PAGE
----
Thursday, July 12, 2007

Death Sells

After the death of Cap, and around the time the death of Flash was being speculated upon, I had said that I think these death "stunts" are a way for publishers to jump up sales numbers on the issues. Now that both the death of Captain America (Marvel) and The Flash (DC) have taken place, I wanted to share some solid store data to prove that death does sell.

Let's start with Captain America, since he was the first to "die."

Issue #20 was pre civil war and will be my base line.

When the Civil War tag went on the comic book, starting with issue #22, we saw a 50% increase over issues #21 and #22. This new number stayed about the same until the "death of" issue.

Issue #25 was the "death of" issue and it sold 100% over the Cap. Civil War issue numbers (#22-24), and 200% over the sales base Captain America had pre Civil War (#20-21)

Issue #26 saw a 27% decrease in sales from what we'd sold of issue #25, but was still 115% over the pre Civil War issues (#20-21), but only 50% more than the Civil War crossover issues (#22-24).

With issue #27 Captain America sales numbers returned to the level of the Civil War issues (#22-24).

Now Flash.

Let me start out by saying that we saw a 200% increase with the One Year Later issue - which was Flash: The Fastest Man Alive #1, from the last issue of the series The Flash - issue #230.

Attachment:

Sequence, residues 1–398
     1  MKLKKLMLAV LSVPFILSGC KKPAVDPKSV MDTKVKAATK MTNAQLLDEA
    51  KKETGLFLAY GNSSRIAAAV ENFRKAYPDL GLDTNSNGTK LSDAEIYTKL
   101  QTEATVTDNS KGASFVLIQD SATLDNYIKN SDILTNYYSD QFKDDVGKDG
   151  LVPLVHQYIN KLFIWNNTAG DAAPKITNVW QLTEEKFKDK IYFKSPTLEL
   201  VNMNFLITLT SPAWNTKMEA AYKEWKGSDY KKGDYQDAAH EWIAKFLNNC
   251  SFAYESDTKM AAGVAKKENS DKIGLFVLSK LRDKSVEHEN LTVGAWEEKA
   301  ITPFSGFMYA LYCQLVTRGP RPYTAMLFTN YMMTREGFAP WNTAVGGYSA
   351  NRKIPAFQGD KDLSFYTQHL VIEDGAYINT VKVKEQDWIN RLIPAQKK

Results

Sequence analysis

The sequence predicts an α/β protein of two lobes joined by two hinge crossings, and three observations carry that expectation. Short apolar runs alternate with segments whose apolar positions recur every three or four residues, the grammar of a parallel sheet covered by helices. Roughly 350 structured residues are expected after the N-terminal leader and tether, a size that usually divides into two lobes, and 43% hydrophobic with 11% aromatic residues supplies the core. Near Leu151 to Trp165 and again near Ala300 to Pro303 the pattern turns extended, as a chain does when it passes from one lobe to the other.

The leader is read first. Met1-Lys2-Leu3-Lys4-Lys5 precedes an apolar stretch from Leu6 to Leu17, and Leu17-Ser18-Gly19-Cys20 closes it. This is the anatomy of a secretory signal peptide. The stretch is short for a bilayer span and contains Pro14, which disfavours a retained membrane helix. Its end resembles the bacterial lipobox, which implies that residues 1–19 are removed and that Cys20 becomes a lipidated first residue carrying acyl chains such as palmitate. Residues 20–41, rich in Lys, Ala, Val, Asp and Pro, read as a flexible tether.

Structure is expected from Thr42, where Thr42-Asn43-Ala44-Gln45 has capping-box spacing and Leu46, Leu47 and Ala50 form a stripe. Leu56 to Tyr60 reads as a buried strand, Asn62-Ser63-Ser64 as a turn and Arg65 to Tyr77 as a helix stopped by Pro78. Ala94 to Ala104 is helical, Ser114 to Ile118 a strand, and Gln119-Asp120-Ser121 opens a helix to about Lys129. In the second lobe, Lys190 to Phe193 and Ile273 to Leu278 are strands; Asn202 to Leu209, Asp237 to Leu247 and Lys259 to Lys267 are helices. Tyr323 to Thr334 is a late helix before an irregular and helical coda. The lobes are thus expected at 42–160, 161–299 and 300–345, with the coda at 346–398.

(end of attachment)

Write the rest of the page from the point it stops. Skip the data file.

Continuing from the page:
However, that number quickly fell. Issue #2 was only 100% over the old series numbers (#228-230's average) and by issue #10 it was down to about 6% over the earlier series and held tight there until....

The final issue of the series, where Bart meets an untimely end, was issue #13. So far that issue has sold 130% over the average per issue sales of Flash: The Fastest Man Alive #9-12.

Now we just have to see where the book ends up when it returns this fall, back to the original numbering.

So there you go - it seems that events, in this case apparent deaths of characters, definitely do sell more comic books.

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